Ali Mobasser

Stamps of a Revolution | 2017

In 1979, following the Islamic Revolution, many Iranians left their homeland in self and government-imposed exiles. My family also left in that year, settling in the United States. I was three years old.

The letters and packages, which began to arrive from Iran, became our connection to our loved ones and by the time I was seven my grandmother, who had noticed my interest, had taught me how to soak, peel and dry the stamps that arrived. At eight I was sent to London to live with my father and I would continue to collect the Iranian stamps for a further four years, stopping in 1989. That year significantly marked the end of the Iran Iraq war, Ayatollah Khomeini's death and me becoming a teenager.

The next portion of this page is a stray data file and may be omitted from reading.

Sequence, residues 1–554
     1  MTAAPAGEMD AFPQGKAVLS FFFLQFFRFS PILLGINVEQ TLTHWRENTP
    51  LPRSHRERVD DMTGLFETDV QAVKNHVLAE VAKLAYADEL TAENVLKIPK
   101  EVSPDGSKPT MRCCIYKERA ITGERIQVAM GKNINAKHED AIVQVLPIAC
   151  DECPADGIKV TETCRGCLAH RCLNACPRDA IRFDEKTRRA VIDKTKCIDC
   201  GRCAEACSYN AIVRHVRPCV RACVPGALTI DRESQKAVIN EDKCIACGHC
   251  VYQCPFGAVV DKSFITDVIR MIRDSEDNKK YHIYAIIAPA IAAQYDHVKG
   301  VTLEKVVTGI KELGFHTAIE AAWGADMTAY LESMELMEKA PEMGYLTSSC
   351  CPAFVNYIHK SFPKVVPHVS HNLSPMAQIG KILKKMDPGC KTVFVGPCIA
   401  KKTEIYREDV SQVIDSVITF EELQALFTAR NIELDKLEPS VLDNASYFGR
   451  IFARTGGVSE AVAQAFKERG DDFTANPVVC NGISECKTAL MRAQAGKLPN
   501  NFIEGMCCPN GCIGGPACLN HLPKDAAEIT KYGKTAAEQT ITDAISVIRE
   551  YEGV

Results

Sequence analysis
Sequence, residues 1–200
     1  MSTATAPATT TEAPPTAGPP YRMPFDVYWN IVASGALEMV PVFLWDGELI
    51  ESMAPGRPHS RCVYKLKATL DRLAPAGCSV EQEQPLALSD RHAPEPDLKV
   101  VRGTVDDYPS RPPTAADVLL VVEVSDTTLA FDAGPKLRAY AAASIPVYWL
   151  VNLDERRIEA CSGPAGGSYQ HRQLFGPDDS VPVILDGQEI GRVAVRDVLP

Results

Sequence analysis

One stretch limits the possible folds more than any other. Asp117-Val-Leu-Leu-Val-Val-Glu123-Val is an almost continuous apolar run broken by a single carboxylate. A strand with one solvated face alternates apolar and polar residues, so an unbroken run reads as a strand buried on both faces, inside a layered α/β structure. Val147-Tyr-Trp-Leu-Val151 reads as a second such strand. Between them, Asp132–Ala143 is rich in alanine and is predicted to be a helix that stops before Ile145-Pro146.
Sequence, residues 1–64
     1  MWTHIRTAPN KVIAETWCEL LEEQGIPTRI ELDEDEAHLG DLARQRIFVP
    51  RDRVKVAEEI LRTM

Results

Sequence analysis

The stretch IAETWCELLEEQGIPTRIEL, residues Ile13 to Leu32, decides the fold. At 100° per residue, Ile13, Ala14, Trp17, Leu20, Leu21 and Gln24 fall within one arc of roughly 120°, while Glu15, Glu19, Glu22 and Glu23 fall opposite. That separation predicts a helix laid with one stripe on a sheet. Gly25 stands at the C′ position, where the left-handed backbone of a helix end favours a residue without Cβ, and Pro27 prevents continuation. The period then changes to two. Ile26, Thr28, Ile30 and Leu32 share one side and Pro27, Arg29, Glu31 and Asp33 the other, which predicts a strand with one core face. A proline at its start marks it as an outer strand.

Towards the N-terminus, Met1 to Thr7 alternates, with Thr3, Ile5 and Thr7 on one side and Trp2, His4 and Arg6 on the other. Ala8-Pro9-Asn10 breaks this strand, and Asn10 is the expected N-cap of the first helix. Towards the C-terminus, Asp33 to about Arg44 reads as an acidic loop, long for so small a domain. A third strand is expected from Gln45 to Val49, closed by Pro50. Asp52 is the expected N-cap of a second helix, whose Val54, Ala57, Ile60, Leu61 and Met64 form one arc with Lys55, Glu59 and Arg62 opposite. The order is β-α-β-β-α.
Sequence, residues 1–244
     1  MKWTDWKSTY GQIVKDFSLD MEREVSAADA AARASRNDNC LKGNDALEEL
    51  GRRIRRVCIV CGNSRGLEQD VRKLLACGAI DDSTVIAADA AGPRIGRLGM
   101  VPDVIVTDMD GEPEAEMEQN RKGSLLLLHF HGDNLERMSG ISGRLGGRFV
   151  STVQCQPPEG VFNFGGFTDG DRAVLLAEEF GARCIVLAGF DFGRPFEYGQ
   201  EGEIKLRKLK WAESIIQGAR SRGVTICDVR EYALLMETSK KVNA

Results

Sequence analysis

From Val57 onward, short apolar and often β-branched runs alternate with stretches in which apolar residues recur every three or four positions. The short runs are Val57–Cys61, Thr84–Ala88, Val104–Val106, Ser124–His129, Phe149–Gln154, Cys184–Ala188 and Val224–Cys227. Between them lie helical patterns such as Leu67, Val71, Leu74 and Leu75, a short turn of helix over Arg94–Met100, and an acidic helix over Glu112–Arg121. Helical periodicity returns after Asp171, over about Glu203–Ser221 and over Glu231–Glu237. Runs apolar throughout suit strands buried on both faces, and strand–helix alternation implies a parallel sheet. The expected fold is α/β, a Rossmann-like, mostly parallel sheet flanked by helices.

As an adult I would rediscover my stamp collection and make photographs of them with the purpose of telling this personal story. The 107 photographs of stamps issued between 1979 and 1989 not only present a compelling account of the first ten years following the Islamic Revolution but are also a testament to a child growing up in exile.

In 2017 I was invited to Iran to exhibit this series, returning to my country for the first time after thirty-eight years.

Installation View

Interview with It's Nice That